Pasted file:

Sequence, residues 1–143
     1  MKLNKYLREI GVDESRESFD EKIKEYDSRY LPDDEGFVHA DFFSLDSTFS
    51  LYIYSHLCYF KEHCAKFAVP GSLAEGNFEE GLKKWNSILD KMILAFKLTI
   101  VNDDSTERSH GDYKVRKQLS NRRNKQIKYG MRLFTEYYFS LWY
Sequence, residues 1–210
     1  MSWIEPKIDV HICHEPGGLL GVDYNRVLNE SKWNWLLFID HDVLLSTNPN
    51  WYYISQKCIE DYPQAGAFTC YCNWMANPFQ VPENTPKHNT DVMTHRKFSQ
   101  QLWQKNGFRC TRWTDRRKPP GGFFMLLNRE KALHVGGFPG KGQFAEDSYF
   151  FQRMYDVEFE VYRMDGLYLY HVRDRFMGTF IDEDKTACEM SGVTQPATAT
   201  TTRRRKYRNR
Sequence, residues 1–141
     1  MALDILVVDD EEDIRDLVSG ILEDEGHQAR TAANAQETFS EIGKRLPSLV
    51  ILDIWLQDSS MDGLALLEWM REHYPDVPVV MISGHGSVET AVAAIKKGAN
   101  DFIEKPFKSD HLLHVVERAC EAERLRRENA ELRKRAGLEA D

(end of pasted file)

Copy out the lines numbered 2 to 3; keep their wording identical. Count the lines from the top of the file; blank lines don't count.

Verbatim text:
     1  MKLNKYLREI GVDESRESFD EKIKEYDSRY LPDDEGFVHA DFFSLDSTFS
    51  LYIYSHLCYF KEHCAKFAVP GSLAEGNFEE GLKKWNSILD KMILAFKLTI